Date of Award
Master of Science (MS)
College of Science and Mathematics
Chemistry and Biochemistry
Thesis Sponsor/Dissertation Chair/Project Chair
Johannes P. Schelvis
Graphene is a two-dimensional monolayer of tightly packed sp2 hybridized Carbon atoms. Formed from graphite, the theoretical surface area of the monolayer is about 2630 m2/g, and the initial formation of graphene oxide from graphite oxide introduces a variety o f functional groups, such as -COOH, -C=0, and -OH, on its surface. The high surface area and the rich presence of functional groups, along with the potential formation o f sp2 bonding networks within graphene oxide, all serve as critical factors allowing for additional chemical modifications. There are extensive research attempts being performed to explore and manipulate its shape, composition, and physical properties, rendering graphene as one o f the most prominent and studied nanomaterial to date. It has been widely regarded as an incredibly strong and durable material, and as a good thermal and electrical conductor, can potentially replace silicon in its wide variety o f applications. In addition to applying the conductive properties, graphene is also being considered as biodevices, such as biosensors, DNA sequencing components, and anti-bacterial hygiene product. The purpose o f this research was to modify graphene oxide utilizing electroless gold plating techniques, and determine its viability in various applications. Previous research has shown that graphene oxide can provide reactive sites for nucleation and propagation o f metal nanoparticles, due to the oxygen functionalization at the surface o f graphene sheets. The electroless gold plating technique involved treating graphene oxide with a series o f metal solutions, initially with Sn2+, then with Ag+, and finally with Au3+, for a serial reduction o f metals on its surfaces. The resulting graphene oxide product was then inspected with SEM and TEM instruments. Further investigation o f its conductivity with electrochemistry techniques explored its variety of potentials, such as an electrode material for sensors, batteries, fuel cells and supercapacitors, as well as a supporting catalyst in chemical catalysis reactions, and a building block for new nanocomposites. In addition, the graphene oxide was considered as a potential biosensor, with its capability of detecting H2O2 as a silver nanoparticle deposited composite.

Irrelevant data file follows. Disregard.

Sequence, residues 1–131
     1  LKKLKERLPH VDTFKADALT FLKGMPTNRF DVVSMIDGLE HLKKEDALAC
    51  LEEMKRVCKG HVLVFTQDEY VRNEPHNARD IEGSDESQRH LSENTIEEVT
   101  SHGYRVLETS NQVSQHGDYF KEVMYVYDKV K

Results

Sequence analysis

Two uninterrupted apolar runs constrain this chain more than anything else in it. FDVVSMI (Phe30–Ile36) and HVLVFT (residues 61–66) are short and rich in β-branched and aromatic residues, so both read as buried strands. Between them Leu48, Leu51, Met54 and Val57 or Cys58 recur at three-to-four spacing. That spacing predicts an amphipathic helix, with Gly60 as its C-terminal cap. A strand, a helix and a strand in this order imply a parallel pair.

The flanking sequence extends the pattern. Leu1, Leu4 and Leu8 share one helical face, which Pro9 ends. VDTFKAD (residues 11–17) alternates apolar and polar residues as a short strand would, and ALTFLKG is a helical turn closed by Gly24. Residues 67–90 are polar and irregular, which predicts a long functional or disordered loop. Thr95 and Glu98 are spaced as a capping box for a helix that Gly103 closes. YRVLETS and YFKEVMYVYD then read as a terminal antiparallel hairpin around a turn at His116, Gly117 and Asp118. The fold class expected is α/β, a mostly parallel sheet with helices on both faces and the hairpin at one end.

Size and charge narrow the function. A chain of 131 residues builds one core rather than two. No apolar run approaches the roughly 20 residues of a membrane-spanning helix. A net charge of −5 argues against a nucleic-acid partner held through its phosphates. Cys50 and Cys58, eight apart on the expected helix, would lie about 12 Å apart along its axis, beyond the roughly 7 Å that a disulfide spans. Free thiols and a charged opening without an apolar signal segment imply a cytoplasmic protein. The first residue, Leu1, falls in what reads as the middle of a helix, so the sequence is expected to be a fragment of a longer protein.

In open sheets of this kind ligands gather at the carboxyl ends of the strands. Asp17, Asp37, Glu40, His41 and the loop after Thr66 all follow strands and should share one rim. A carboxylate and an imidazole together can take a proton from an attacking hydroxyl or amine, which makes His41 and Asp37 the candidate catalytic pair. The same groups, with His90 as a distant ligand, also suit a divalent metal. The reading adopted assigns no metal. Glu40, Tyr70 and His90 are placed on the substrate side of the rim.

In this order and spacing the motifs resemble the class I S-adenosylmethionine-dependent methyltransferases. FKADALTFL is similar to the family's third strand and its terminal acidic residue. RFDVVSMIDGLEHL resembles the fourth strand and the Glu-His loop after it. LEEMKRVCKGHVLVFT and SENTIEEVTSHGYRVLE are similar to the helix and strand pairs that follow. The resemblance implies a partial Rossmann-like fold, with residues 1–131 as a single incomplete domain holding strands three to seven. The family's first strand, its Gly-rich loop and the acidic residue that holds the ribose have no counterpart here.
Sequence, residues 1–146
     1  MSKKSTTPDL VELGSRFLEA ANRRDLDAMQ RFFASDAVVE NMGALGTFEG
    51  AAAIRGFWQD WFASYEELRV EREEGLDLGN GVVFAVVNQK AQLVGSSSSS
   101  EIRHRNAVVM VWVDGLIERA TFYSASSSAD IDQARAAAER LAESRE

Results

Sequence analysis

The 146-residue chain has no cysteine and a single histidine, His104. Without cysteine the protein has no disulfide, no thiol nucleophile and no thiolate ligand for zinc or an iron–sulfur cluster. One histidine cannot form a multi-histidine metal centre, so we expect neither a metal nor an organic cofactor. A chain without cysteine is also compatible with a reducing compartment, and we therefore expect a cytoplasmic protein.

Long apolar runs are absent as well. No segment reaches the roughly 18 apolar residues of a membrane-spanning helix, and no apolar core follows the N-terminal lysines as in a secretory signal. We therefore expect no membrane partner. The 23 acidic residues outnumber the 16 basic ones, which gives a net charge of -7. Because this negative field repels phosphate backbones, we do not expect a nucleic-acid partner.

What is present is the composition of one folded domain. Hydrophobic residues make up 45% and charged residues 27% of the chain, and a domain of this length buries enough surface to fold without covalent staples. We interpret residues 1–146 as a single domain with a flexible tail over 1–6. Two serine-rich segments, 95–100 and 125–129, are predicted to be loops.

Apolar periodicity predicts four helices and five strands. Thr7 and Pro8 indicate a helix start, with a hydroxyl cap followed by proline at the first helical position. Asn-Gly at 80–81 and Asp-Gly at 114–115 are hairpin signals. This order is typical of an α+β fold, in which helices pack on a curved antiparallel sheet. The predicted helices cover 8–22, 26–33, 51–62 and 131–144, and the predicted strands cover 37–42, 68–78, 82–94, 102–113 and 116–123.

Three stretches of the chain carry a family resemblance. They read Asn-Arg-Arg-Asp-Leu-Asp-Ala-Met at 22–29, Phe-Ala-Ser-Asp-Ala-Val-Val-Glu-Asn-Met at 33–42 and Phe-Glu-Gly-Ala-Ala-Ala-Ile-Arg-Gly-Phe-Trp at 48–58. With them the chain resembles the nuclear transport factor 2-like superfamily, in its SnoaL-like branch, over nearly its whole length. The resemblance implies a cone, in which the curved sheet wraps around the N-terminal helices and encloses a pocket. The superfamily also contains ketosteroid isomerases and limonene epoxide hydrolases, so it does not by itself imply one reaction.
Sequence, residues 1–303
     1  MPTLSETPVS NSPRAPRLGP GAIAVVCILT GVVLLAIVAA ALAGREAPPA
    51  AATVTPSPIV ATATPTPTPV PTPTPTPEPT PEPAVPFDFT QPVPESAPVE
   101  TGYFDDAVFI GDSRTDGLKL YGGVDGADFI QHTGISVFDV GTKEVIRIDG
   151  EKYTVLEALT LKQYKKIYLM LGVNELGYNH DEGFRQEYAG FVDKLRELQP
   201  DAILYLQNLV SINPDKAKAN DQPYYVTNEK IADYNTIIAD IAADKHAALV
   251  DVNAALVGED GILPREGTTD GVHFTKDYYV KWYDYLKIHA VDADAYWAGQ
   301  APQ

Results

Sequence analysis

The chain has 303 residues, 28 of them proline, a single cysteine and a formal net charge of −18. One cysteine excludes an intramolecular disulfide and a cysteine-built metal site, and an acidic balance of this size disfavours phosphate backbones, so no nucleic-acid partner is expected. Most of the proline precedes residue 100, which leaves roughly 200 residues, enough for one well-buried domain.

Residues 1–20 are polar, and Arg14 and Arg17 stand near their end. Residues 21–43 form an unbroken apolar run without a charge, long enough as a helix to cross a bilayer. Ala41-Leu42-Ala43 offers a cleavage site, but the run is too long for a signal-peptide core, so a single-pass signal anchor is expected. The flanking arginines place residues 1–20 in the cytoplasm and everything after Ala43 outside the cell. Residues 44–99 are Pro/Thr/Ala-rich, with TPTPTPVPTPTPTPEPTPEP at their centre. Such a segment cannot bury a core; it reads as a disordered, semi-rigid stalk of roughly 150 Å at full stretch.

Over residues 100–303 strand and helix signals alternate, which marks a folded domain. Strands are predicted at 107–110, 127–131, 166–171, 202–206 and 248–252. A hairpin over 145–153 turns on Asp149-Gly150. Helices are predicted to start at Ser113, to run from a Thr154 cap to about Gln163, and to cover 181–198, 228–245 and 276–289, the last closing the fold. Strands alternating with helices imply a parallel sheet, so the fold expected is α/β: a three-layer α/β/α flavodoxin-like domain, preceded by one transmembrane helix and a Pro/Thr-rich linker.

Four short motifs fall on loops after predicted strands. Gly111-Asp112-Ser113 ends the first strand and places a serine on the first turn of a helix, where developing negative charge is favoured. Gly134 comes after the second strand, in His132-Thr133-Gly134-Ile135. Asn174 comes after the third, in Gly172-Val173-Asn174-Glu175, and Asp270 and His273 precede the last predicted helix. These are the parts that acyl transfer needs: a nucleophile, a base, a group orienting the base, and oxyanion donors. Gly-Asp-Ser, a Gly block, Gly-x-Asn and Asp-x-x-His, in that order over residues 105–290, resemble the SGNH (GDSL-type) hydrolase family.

Kwon, Keun Soo, "Decoration of Graphene with Metal Nanoparticles and Its Application for Bioanalysis" (2013). Theses, Dissertations and Culminating Projects. 907.